The New York Times Magazine published an interesting piece this week about how Sen. John McCain’s Vietnam experience has shaped his Iraq policy. But it left out a highly salient factor: His father.
Sen. McCain told the reporter, Matt Bai, that we could have won in Vietnam had we realized that in 1968 a new strategy launched by Gen. Creighton Abrams had begun to be effective. The Times piece neglects to mention that Gen. Abrams reported to the commander-in-chief, Pacific Command or CINCPAC – who, from 1968-1972, was Adm. John Sidney McCain, Sen. McCain’s father. “The war,” Sen. McCain wrote of his father, “was his responsibility.”

It’s overly simplistic to conclude that Sen. McCain would take a path just because it’s what his father would have done. But listen to how Sen. McCain describes his father’s views about Vietnam and it’s not hard to hear echoes of how he analyzes Iraq.
First, according to Sen. McCain, the policy pursued by Abrams and his father – for instance, the bombing of the port of Haiphong and the invasion of Cambodia — was turning things around. “For the rest of his life,” Sen. McCain writes in “Faith of Our Fathers,” “he believed that had he been allowed to wage total war against the enemy, fully employing strategic airpower… he could have brought the war to a successful conclusion.”
Second, President Nixon’s decision to use military success to sue for peace was misguided. “In our anxiety to get out of the war, we signed a very bad deal,” Adm. McCain believed, according to his son. This was, he said, the inevitable result of deciding that the goal was getting out, rather than winning.
Third, it’s clear that both McCain senior and his son believed that the loss came not from bad judgment but from flagging “resolve,” a concept he invokes often in “Faith of Our Fathers.” Whenever Henry Kissinger suspected that Mr. Nixon’s “resolve” was wavering, he’d call in John McCain. The South Vietnamese failed in part because they lacked “adequate resolve.” As the American people “grew ever more impatient,” even Mr. Nixon after his landslide “did not possess enough political strength to oppose the people’s will.”
Sen. McCain has not concluded that the will of the people should therefore be ignored. Far from it. “No other national endeavor requires as much unshakable resolve as war. If the government and the nation lack that resolve, it is criminal to expect men in the field to carry it alone.”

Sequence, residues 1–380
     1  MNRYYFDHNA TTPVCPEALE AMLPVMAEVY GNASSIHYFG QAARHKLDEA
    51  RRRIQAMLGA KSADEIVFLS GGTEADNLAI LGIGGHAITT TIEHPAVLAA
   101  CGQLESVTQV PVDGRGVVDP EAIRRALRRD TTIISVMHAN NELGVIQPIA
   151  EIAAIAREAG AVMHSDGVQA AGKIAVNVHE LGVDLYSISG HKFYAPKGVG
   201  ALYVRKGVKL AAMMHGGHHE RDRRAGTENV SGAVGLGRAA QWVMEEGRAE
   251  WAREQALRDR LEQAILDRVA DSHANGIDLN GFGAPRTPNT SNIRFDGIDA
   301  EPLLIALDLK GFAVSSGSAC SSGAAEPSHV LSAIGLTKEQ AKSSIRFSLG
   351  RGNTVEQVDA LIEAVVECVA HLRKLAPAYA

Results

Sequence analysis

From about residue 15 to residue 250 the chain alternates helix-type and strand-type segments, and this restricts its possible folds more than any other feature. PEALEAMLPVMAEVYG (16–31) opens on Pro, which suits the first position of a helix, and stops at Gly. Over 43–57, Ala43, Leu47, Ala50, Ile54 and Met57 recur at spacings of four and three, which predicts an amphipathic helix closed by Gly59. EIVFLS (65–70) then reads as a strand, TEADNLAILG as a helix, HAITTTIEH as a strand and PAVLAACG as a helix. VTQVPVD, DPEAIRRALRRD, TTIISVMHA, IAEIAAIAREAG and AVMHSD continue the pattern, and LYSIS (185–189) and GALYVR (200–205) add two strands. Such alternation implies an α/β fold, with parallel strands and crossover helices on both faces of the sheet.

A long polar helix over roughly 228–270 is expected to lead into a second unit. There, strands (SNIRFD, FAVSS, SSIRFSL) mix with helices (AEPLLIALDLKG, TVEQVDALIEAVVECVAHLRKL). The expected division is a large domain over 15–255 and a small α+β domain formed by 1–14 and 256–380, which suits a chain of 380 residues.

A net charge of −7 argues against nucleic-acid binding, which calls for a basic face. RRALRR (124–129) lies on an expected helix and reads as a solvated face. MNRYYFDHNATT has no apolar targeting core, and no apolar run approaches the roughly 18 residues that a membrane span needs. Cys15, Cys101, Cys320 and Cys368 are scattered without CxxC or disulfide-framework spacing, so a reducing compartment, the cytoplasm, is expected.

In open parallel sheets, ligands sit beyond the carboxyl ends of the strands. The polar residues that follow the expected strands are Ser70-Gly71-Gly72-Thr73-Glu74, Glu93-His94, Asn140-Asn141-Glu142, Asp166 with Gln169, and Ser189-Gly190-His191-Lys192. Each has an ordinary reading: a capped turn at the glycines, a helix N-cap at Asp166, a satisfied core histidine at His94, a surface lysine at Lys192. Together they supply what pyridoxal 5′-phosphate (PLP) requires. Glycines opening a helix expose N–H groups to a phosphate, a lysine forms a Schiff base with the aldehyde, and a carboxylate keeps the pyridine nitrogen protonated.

Finally, Sen. McCain’s father seemed to believe that antiwar efforts primarily reflected a lack of concern for the soldiers, not a difference in judgment about the wisdom of the war. “He was puzzled and troubled by widespread and mounting congressional opposition to the war. Likewise, he was astonished at the breadth of opposition among the American people…. He believed something had gone badly wrong in a country that did not, by his lights, stand behind the men it had sent into harm’s way to fight for it.” Under that formulation, only those who advocate keeping soldiers in combat truly want to “support our troops.”
In a nutshell, Sen. McCain’s father believed that the Vietnam War had started to turn, thanks to a surge of aggressive new tactics, and that it could have been won if not for waning political resolve, the lack of which amounted to a betrayal of the soldiers. Sound familiar? Viewed in this context, Sen. McCain’s comments that we need to stay in Iraq as long as it takes make sense; it fits his sense of history and his sense of honor. Whether it seems like sound policy may depend on whether one believes the Vietnam War could have been won if we’d just stayed longer and fought more resolutely.
I’m not suggesting that Sen. McCain wants to vindicate his father or pick up where dad left off (though those who believe that such intra-family dynamics influenced George W. Bush may cringe at the thought of another foreign policy influenced by Oedipal urges.) But Sen. McCain clearly admired his father’s wisdom, sense of duty and analysis. I can’t help but wonder whether Sen. McCain feels that wavering in his “resolve” over Iraq would mean a betrayal not only of his principles, and the troops, but also the lessons taught him by his father.

Reptrinted from The Wall Street Journal Online.

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